WALEY, Arthur (trans.), & Wu Ch'êng-ên.


New York: The John Day Company, 1943 Stock Code: 149384
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Written and inscribed by an associate of the Bloomsbury group and the Bright Young Things

First American edition, first printing, inscribed by the author and signed by the dedicatee together on the front free endpaper: "Ethel Driver, from Arthur Waley, and Beryl, Xmas 1944." Perhaps the most important translator of Chinese and Japanese literature into English in the 20th century, Waley was closely connected with the Bloomsbury group and the Bright Young Things, and he "was responsible for changing substantially the views of Virginia Woolf toward oriental literature" (Henig, p. 76).

Arthur Waley (18891966) continues to be regarded as one of the most skilled and accomplished translators of Chinese and Japanese literature, poetry and philosophy, an achievement the more remarkable considering that he never received any formal linguistic instruction in either language. Keen to avoid too technical a style, Waley "sought to make his translations works of art, aiming at literature rather than philology" (ODNB). His rendering of the Chinese literary classic Journey to the West was first published under the title Monkey in London in 1942 by his admirer Stanley Unwin, with the present edition following a year later in the United States. The work received the endorsement of the famous Chinese literatus Hu Shi, whose preface to the American edition lauded Waley's "truly masterful" interpretation of the text. Extremely popular, Monkey went through many subsequent impressions and it remains in print. Ethel Driver, the object of this copy's inscription, was the long-time dance mentor of his partner Beryl de Zoete, the latter a prominent dance expert and a translator of Italian literature, notably Italo Svevo's Coscienza de Zeno. De Zoete was the co-dedicatee for both the American and English editions of Monkey.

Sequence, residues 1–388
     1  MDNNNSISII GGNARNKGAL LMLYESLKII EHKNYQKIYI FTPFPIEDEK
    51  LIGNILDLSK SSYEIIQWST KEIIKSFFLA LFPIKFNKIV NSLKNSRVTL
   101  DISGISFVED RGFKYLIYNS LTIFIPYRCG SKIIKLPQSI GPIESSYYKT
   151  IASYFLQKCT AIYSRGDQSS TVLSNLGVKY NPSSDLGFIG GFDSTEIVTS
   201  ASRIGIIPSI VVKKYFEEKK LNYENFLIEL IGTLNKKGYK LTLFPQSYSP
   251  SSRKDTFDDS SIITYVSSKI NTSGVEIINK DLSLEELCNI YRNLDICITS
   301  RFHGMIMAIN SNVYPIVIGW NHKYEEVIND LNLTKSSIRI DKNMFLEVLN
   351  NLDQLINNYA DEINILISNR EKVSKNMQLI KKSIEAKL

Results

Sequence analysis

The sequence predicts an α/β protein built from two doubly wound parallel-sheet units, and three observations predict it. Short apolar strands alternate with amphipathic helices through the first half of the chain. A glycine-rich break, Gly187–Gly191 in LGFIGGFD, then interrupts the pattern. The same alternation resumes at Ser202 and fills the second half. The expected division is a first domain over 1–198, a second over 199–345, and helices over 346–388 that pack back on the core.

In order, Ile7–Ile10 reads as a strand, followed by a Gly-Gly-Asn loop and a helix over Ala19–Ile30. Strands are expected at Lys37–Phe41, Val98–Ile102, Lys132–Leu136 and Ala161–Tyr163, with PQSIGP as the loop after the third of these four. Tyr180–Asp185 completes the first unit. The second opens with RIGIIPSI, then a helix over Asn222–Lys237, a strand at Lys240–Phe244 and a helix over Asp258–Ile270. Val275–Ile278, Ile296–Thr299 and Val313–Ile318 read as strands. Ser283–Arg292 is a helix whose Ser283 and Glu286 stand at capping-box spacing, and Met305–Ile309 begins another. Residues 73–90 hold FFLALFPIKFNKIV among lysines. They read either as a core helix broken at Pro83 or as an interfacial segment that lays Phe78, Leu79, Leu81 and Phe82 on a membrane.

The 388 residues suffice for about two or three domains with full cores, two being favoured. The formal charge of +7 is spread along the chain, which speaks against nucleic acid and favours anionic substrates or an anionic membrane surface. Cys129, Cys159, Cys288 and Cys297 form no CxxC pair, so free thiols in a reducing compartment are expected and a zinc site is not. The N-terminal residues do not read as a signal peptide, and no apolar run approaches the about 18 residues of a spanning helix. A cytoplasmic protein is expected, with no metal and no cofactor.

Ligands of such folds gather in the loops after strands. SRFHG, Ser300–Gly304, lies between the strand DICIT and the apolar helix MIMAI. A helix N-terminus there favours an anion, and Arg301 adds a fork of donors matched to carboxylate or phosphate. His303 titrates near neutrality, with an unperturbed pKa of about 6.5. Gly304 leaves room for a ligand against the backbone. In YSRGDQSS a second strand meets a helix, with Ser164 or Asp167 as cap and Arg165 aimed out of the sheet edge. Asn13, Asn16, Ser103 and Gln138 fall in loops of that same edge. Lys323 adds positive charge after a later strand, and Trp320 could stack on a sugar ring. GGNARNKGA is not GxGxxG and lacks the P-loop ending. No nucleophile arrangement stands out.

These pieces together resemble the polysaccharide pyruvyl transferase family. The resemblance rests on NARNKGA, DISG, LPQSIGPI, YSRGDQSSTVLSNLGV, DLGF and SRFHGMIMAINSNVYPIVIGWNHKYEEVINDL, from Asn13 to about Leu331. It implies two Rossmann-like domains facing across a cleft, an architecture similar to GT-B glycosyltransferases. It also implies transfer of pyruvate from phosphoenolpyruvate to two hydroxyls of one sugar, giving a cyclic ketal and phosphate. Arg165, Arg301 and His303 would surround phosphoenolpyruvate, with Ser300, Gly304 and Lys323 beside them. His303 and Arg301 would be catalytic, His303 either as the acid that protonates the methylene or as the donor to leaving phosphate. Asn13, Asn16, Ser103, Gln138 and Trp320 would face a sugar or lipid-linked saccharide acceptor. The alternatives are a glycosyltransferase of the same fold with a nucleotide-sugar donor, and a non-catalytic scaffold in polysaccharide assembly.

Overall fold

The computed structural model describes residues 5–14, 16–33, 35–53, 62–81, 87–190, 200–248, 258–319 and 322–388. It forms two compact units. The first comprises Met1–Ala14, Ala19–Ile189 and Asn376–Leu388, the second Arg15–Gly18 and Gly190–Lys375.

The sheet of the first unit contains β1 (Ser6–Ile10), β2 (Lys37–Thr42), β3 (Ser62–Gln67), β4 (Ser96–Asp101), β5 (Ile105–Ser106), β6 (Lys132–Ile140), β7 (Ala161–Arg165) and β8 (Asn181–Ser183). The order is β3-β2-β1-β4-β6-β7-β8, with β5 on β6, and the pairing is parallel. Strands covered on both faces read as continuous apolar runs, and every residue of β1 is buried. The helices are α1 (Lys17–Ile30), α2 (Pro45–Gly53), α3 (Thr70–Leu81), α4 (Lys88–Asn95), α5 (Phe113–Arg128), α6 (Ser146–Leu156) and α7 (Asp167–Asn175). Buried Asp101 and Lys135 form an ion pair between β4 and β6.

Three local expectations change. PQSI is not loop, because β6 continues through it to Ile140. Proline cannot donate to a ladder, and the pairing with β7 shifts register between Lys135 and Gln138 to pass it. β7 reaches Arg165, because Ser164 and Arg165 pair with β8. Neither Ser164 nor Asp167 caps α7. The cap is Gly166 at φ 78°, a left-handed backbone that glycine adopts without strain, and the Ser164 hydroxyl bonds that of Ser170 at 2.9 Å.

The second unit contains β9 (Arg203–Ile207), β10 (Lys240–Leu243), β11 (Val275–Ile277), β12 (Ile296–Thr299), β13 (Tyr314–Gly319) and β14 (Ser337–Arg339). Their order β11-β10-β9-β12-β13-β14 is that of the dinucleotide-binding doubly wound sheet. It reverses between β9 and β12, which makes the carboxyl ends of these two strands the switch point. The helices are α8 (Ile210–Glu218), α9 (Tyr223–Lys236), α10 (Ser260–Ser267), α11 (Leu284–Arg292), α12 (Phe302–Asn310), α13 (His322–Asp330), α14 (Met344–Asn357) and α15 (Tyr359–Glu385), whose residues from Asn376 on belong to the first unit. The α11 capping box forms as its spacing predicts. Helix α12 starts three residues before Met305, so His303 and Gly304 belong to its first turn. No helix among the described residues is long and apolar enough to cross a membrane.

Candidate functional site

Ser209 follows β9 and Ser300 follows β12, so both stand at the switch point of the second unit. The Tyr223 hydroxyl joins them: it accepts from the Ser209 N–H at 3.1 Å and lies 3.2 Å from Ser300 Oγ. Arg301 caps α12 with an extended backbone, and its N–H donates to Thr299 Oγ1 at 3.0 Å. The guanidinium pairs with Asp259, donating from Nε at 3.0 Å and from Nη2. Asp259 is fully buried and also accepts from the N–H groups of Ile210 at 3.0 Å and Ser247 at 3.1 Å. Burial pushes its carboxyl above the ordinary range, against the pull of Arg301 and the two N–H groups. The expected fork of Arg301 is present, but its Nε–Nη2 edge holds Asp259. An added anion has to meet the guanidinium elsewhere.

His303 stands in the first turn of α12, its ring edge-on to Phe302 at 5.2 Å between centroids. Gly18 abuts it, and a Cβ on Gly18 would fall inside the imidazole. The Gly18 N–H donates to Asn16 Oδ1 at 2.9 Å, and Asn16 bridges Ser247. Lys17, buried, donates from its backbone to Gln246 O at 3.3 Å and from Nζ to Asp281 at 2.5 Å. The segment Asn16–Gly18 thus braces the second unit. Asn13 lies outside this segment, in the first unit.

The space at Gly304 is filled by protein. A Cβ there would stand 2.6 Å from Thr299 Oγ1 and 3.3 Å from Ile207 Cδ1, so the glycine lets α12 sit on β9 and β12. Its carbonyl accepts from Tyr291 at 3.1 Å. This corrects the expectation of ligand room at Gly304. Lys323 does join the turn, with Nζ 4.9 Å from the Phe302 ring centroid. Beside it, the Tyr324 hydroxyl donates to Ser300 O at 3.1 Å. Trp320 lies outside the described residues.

During his lifetime, Waley was associated with the Bloomsbury group and is widely credited for opening up Viriginia Woolf's eyes to the possibilities of Asian literature. Her review of Waley's translation of the Tale of Genji for Vogue in 1925 marks the first time she could recognise "how the differences between Japanese and Anglo cultures did not make the Anglo superior" (76). As a result, several years later, Woolf acknowledged her literary debts to Waley in the preface to Orlando (1928). Waley was also on good terms with the Stracheys, Keyneses, and with Roger Fry, having known them all while at Cambridge, and Duncan Grant drew the title page illustration for the English edition of Monkey.

Along with Beryl de Zoete, Waley also dedicated the present work to "Harold," a reference to Harold Acton, a sometime translator of Chinese poetry and a member of the Bright Young Things. Beryl de Zoete often stayed at the house of Stephen Tennant alongside Siegfried Sassoon and Rex Whistler, and Acton wrote several letters to Waley praising his Chinese translations including Monkey.

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Octavo. Original blue cloth, gilt title to spine, vignette to front in gilt.


Vignette to the title page.


Spine faded, couple of marks to rear cover, head and foot of boards dampstained, partially extending to book block, text unaffected, a little foxing to edges and endpapers, contents otherwise clean, still a sound copy.


Suzanne Henig, "The Bloomsbury Group and Non-Western Literature". Journal of South Asian Literature, vol. 10., no. 1 (1974), pp. 73-82.


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